With the San Jose Sharks set to miss the postseason for the first time in over a decade, what is left for Sharks fans to look forward to these last nine games? Well, there are three young players in particular that can use these last few games as a springboard into next season. Continuing to watch their progress should be enough to keep even the average fan tuned in.
3. Tomas Hertl (LW, C)
It has no doubt been a trying year for the 21-year-old NHL sophomore. Hertl has tallied just 28 points this season in 73 games. That is only a .38 points per game rate. As a rookie, his 25 points in 37 games, or .68 PPG rate, was much more impressive. Clearly Hertl is still overcoming the knee injury that forced him to miss over three months of his rookie season. His skating stride hasn’t looked nearly as explosive this season as it did a year ago. The limited ability to push off has been the main cause of his limited production. However, it should be considered an incredibly positive sign that the youngster has played every single game this season. Not only is he getting accustom to the every other day NHL schedule but he has also been slightly more productive lately. Nine points in the past 20 games, or a .45 points per game rate is a slight increase over the .36 rate over his first 53 games. With a full offseason to rehab and improve, and another year of general maturity it wouldn’t be shocking to see Hertl back into the .6 or better PPG range next season. Confidence is big in hockey though and continuing to pick up points these last few games would be beneficial for the 2012 first round pick going into next season.
2. Mirco Mueller (D)
San Jose’s 2013 first round pick Mirco Mueller has had a tough rookie season in the NHL. The recently turned 20-year-old defensemen has been mismanaged all season long. He was forced to begin his season on a pairing with the incredibly awful defenseman Brent Burns. Having to play your first NHL season at a young age while paired with an offensive minded player returning to defense for the first time in two years? That is a tough assignment. Mueller showed some signs early of his potential to be a shut down defenseman but his struggles with the puck have been glaring all season. Instead of letting him play every night and improve, the Sharks frequently made Mueller a healthy scratch throughout the season. It is one of the many oddities that make outsiders wonder “so much for rebuilding”. With the Sharks essentially eliminated from the playoffs barring a Doug Flutie esque Florida State Hail Mary miracle, Mueller should be in the lineup the rest of the way. Again, confidence is big for these players and Mueller can use these final games to feel better about his game.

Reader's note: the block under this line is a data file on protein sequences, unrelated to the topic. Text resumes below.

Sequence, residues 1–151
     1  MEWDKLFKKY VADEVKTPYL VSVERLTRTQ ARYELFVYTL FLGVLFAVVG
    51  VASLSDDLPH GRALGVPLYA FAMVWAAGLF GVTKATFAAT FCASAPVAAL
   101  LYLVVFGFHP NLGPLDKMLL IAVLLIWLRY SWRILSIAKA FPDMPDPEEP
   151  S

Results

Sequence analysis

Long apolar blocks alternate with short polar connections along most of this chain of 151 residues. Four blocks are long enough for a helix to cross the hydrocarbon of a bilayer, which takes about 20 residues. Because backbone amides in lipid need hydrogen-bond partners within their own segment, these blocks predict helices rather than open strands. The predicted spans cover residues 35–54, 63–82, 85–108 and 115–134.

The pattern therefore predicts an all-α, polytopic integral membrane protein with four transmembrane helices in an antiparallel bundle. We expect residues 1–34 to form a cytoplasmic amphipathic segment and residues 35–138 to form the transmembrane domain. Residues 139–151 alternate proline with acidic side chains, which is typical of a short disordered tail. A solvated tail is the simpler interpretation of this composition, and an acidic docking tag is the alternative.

1. Chris Tierney (C)
Unlike his teammates above, Chris Tierney has been a huge positive development late in this season. While Hertl and Mueller have had forgetful seasons, Tierney has shined big time late here in his rookie season. After initially making the Sharks roster out of training camp, Tierney was sent back down to AHL Worcester where he got accustomed to the heavy style of play in the North American professional leagues. Even in the AHL, players are much bigger and faster than in juniors. Over his most recent couple of recalls to the NHL, Tierney has established himself as an every night player, often centering the third line. In his past 19 games Tierney has picked up 10 points, for over a half a point (.5) per game average. For a third line center that is terrific production. This season San Jose’s most regular third line center was James Sheppard who had a points per game rate of just .28. Watching Tierney continue to progress will be exciting for Sharks fans. The youngster has been making some incredible dishes lately and being above water in terms of plus/minus on this otherwise bad team this year is a sign of his strong shut down abilities. His play of late shows his ceiling may in fact be second line center but even if he doesn’t get there, he looks like a sure bet to be a tremendous third line center down the line.
Andrew has been credentialed to cover the Sharks since 2010 and the 49ers since 2012. He graduated with his BA in Broadcast Electronic Communication Arts in 2013 from San Francisco State University.